… to the forested peaks that hide the white heights behind them. We’re invited to visit the subterranean temples of Damanhur—an esoteric utopian community—thanks to the good offices of Enrica who has written 50 books concerning everything under the sun.
The name Damanhur nods to the ‘city of Horus‘ in Egypt. Secret volunteers began work in 1978, digging into a mini-Alp of extremely hard rock by hand for 16 years. The resulting temples are gorgeously decorated with richly symbolic art, which the community (of 600 persons) don’t wish to be phone-photoed by outsiders as this might upset the positive vibrations. Quite right too. If visitors are pointing phones, they won’t actually see.

In the early 90s a disenchanted volunteer denounced the secret project to the authorities. You can build on the surface of your own property but you don’t control what’s underground; consequently the large hidden temples were illegal. For a year or so the authorities considered dynamiting the whole area at random to destroy wherever the temples might be. This would be a bit like to dynamiting Lascaux due to lack of planning permission. Fortunately Damanhur prevailed, and by agreement revealed itself, to become a destination for well-behaved spiritually-minded tourists as well as part of a thriving eco-food business and educational center for school visits. Damanhur would like to do more school outreach but petty pedantic safety regulations hamper them increasingly plus burdening them with the high cost of permits; so the present leader tells me at lunch. The photo above is, of course, pirated, for the greater glory of these ‘Temples of Mankind‘ which are pretty bloody impressive.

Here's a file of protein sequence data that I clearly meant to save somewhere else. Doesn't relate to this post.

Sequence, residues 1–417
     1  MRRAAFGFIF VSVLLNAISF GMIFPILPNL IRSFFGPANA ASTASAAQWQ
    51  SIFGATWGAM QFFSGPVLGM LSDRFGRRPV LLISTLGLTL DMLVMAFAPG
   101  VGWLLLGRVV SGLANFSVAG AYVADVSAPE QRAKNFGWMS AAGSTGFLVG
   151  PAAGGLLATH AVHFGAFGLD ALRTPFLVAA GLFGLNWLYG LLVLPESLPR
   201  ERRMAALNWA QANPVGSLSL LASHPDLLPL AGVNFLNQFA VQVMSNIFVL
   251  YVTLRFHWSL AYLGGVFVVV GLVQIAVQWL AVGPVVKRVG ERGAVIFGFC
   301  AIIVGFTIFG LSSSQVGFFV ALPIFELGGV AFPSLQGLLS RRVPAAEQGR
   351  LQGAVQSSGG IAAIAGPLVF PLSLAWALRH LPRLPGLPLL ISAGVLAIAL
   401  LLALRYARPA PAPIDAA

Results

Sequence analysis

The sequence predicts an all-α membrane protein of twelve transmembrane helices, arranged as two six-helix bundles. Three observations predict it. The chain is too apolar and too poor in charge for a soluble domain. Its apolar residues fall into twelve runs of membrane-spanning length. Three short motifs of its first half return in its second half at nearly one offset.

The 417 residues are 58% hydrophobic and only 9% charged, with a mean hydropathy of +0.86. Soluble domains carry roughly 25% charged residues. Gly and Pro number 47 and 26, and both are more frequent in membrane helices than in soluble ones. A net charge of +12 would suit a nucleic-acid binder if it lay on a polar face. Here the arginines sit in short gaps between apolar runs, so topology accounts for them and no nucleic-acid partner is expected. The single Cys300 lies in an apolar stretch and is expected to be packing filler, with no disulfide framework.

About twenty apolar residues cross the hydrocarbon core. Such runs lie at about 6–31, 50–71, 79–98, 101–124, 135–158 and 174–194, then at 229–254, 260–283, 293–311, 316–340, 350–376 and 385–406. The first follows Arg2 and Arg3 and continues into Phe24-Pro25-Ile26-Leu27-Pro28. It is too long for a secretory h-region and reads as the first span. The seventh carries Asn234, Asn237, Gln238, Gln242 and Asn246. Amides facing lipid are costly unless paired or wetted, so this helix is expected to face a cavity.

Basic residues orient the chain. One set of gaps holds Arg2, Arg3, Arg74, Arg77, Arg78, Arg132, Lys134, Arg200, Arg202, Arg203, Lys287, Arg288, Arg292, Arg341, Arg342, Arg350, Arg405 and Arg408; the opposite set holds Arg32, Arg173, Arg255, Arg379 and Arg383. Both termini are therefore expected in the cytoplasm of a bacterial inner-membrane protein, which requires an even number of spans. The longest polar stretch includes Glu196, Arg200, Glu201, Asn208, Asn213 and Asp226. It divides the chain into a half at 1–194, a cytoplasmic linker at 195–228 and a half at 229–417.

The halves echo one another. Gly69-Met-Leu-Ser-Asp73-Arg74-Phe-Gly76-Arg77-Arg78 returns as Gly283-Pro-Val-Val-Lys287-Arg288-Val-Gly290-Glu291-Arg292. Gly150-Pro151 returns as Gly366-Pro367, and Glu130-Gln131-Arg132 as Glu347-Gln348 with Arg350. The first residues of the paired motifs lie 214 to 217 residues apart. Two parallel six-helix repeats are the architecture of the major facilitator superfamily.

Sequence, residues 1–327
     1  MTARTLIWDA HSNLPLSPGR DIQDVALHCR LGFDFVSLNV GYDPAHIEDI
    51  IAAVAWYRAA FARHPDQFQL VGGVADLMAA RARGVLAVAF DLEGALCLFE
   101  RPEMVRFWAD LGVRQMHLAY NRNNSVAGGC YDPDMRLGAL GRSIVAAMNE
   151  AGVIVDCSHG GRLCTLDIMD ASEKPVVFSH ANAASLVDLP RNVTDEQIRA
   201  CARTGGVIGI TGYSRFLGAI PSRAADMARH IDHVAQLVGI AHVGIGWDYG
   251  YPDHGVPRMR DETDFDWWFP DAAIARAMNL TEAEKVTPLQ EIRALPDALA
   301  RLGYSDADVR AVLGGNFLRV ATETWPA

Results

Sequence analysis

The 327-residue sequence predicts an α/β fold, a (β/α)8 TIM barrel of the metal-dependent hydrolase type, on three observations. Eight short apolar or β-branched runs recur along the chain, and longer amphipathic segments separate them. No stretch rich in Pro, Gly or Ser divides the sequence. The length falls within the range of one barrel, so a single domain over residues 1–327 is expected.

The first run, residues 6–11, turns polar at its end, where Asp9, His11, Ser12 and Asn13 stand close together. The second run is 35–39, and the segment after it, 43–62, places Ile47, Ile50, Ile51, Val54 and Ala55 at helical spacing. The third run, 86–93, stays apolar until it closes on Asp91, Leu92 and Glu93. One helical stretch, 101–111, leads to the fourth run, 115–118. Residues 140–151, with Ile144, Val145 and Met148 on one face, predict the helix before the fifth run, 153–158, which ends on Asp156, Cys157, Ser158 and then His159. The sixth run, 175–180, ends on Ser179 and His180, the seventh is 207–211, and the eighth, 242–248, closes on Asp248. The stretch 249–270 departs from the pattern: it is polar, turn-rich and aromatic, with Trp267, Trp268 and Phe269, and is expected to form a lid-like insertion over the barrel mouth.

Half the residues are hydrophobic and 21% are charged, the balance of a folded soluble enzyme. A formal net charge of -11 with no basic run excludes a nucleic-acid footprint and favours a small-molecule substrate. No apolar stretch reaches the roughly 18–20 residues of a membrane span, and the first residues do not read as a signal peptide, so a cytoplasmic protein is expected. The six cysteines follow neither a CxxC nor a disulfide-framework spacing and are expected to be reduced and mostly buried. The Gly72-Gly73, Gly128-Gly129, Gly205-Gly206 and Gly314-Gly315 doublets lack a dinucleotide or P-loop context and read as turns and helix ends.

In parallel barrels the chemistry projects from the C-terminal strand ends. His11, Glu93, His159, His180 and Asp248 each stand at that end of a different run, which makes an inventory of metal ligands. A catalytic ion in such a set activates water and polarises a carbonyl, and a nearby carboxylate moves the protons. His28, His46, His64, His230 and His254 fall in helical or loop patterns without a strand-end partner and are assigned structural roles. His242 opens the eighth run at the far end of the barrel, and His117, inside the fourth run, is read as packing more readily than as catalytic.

Salt and Tobacco used to be state monopolies in Italy for tax purposes, and the signs stating this remain intact, even if the circumstances have expired:

In wine terms, Turin is next to Barolo Country. Roll out the Barolo, Let’s have a Barolo of fun…! The best Barolo can set you back a thousand Euros a bottle on-line. A Barolo below 50 Euros on a menu  seems a bit cheap. After experiments Roberto and I settle on a more cost-saver Barbera d’Alba, a close cousin tastewise.

And so to Valentino Park, offshore from which oarsmen row up and down the broad Po, though not at this precise moment.

Previously these waters were overlooked by ‘The Impossible’ Gustavo Adolfo Rol from his unearthly  museum of antiques and relics of Napoleon that was an apartment. Next along, the University’s Botanical Garden hides all of its exotic plants sternly away from the public to protect them from attacks of madness and melancholy. Yet through a Narnia door there’s an enchanting fairytale woodland with little inset stone circles for nocturnal dances by fairy (fata) feet.

Afterwards, in Neapolitan-speciality restaurant A Smorfia (part of a group) Cristina has a marine medley:

I eat a rabbit in lush sauce. Roberto wants to celebrate Italy’s best ever comic talent showcased upon one wall on the right, namely Toto from Napoli. (L)a Smorfia (derived from Morpheus) is the tradition and the book of interpreting numbers from dreams for national lottery purposes. A dream penis signifies number 29 and bread in a dream means 50, for instance. Apparently many Italians still rely on this method.

Oddly enough, our local Spanish radio station, Cadena SER spontaneously mentions Torino just before we set out. And from Cadena SER I learn exactly the unique strangeness that I need to know for a story which increasing grows into the spirit of Giorgio De Maria.

Gentle Reader, please wait half a year or so till I write and publish (where?) my tale of The Twenty-First Day of Turin. I merely mention that somewhere in the present blog there’s a tiny, casual clue as to what exactly will convulse Turin in my story-to-come.

1 Comment

  1. An enjoyable account, Ian, thank you, and evocative photographs too. You write engagingly, humorously and with the fluency of a pro (in case you didn’t know) and I look forward to the first volume of your collected travels. I’ve never visited Turin, I think I should one day.